The bare cumulative UV-dose is approximately 2.5-times higher for the hot climate vs the temperate climate. The absolute stress induced by UV at elevated temperatures, however, will be significantly higher. This can be clearly seen in Figure 5 (ambient temperature) and even more pronounced in Figure 7 (calculated PV module temperature). Depending on the used activation energy (reasonable acceleration factor 6–10) the UV-dose impact and therefore ongoing degradation reactions can be 10–20 times higher in the hot climate. An additional factor to acceleration of chemical reactions by UV light and enhance the severity of hot climates is that there is more absolute UV content and more relative UV-B in the spectrum compared to the temperate climate but was assumed to be same inhere.

The results show that an increased UV dose is most relevant to test for hot and high irradiance climates compared to a temperate climate. The result also demonstrates that even for this hot climate hydrolysis reactions can be expected, and a certain damp-heat testing is still useful to perform.

In a next step a detailed study for temperature change is planned and data as exemplarily shown in Figure 3 will be used. This investigation should support the understanding for relevant thermal-cycling testing. First simulation results by simple daily minimum and maximum temperatures indicate a more than twice as high stress in the hot climate compared to the temperate climate (methodology in analogy to [44] and compared to IEC 62892 [33]). Within this study the current IEC 63126 [34] definitions as well as the upcoming modifications (to be published in 2024 [49]) will be reviewed.

Furthermore, a year-by-year comparison is planned. The aim for this is to investigate variability, but also to check for more severe weather conditions such as higher temperatures (drought) or storms/floods. Herein, high resolution data (30–60 s) was used. In a next step the applicability of 10, 15 or even 30 min data is planned as such data is more widely available on an annual basis. Within this work with more data sets, including also high-humidity and tropical regions, a comparison is planned between forecasted observations by Mission Profiles with real field observations (see e.g., for hot climate [50,51]).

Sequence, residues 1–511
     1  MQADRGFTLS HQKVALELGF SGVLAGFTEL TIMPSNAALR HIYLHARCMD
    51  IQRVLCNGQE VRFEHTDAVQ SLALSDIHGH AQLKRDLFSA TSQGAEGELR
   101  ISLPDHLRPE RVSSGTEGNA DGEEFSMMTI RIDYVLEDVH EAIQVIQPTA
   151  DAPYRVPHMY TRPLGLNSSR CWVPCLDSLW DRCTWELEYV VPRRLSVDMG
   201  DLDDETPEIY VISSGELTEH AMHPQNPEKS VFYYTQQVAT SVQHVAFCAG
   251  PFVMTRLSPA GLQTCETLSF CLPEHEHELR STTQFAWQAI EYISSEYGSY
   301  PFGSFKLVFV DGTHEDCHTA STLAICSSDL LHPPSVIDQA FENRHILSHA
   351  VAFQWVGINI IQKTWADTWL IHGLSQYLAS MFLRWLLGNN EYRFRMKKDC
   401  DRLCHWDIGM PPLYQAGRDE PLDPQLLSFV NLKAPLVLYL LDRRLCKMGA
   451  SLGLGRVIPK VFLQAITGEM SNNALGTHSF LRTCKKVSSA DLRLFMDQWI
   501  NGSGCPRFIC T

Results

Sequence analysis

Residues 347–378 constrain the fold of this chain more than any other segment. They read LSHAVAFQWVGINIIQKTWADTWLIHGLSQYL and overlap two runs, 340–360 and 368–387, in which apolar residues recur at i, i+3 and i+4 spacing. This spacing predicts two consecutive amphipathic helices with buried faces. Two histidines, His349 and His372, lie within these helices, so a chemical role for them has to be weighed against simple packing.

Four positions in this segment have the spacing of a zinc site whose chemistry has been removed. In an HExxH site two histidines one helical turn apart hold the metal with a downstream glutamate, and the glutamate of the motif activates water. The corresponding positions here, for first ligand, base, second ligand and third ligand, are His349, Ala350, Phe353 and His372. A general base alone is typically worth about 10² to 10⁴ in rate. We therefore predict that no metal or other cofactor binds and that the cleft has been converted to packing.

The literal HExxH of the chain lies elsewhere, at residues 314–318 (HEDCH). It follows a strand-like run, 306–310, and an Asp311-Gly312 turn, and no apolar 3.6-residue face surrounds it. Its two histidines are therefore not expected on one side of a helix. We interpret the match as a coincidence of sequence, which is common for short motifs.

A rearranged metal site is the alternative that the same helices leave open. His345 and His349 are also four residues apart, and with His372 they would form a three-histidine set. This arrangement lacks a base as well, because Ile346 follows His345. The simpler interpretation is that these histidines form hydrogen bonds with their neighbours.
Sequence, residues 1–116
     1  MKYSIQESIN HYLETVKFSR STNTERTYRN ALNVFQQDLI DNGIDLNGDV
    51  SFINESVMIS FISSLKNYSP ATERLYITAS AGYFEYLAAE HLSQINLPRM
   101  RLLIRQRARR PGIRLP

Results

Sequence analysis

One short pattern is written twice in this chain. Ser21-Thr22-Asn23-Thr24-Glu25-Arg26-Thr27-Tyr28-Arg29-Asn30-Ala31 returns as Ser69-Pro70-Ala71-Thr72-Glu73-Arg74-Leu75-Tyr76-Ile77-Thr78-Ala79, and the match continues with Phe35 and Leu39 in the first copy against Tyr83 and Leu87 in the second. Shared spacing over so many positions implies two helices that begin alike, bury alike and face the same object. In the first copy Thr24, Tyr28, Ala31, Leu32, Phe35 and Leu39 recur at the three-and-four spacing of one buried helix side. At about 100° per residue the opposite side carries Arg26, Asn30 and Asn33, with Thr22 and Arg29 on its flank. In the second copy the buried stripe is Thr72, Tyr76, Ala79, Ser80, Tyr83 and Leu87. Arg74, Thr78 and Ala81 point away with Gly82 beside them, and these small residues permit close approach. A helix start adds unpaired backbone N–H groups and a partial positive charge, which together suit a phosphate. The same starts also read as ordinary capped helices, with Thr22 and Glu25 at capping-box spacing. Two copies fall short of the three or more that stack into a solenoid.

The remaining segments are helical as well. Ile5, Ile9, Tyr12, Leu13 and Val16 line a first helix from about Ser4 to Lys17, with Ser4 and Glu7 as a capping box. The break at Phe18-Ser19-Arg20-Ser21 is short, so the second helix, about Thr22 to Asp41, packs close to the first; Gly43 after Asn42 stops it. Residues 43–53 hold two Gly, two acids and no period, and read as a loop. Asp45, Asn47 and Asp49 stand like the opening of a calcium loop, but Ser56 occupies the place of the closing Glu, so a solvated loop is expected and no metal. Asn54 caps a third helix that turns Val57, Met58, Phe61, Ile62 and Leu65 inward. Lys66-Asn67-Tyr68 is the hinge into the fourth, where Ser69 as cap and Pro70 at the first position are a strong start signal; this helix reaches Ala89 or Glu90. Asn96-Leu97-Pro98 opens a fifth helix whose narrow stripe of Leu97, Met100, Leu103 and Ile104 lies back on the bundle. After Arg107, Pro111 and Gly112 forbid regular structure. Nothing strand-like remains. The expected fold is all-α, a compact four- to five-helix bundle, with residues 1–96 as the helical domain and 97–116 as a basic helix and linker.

This work was funded by the Federal Ministry for Economic Affairs and Climate Action in the project CTS1000+ with grant #03EE1028A and SegmentPV with grant #03EE1180B.

Author contribution statement

Bengt Jaeckel: Methodology design, data evaluation and writing of paper. Matthias Pander and David Daßler: result discussion and proof-reading. Jim Joseph John, Sagarika Kumar, Baloji Adothu: discussion, proof-reading and data sharing.


  1. ITRPV, International Technology Roadmap for Photovoltaic (ITRPV) − 2022 Results, April 2023 [Google Scholar]
  2. K. Ilseet al., Techno-economic assessment of soiling losses and mitigation strategies for solar power generation 3, 2303 (2019) [Google Scholar]
  3. IEA PVPS-Report T13-21, Soiling losses impact on the performance of photovoltaic power plants, 2022, and references therein [Google Scholar]
  4. W. Köppen, Klassifikation der Klimate nach Temperatur, Niederschlag und Jahreslauf, Petermanns Geographische Mitteilungen 64, 193 (1918) [Google Scholar]
  5. W. Köppen, R. Geiger, Das geographische System der Klimate in Handbuch der Klimatologie, (Gebrüder Bornträger, Berlin, 1936) [Google Scholar]
  6. M. Kottek et al., World map of the Köppen-Geiger climate classification − updated, Meteorologische Zeitschrift 15, 259 (2006) [CrossRef] [Google Scholar]
  7. F. Rubel, M. Kottek, Observed and projected climate shifts 1901-2100 depicted by world maps of the Köppen-Geiger climate classification, Meteorologische Zeitschrift 19, 135 (2010) [CrossRef] [Google Scholar]
  8. D. Cui, S. Liang, D. Wang, Observed and projected changes in global climate zones based on Köppen climate classification, WIREs Climate Change 12, e701 (2021) [CrossRef] [Google Scholar]
  9. and references given therein [Google Scholar]
  10. P. Del Tredici, The new USDA plant hardiness zone map, (1990), [Google Scholar]
  11. J. Ascencio-Vasquez, K. Brecl, M. Topič, Methodology of Koppen-Geiger-Photovoltaic climate classi-fication and implications to worldwide mapping of PV system performance, Sol. Energy 191, 672 (2019) [CrossRef] [Google Scholar]
  12. T. Karin, C. Birk Jones, A. Jain, Photovoltaic degradation climate zones in 2019 IEEE 46th Photovoltaic Specialists Conference (PVSC) (IEEE, 2019) [Google Scholar]
  13. D.S. Peck, Comprehensive model for humidity testing correlation, in 24th International Reliability Physics Symposium, Anaheim, CA, USA, 1986, pp. 44–50 [Google Scholar]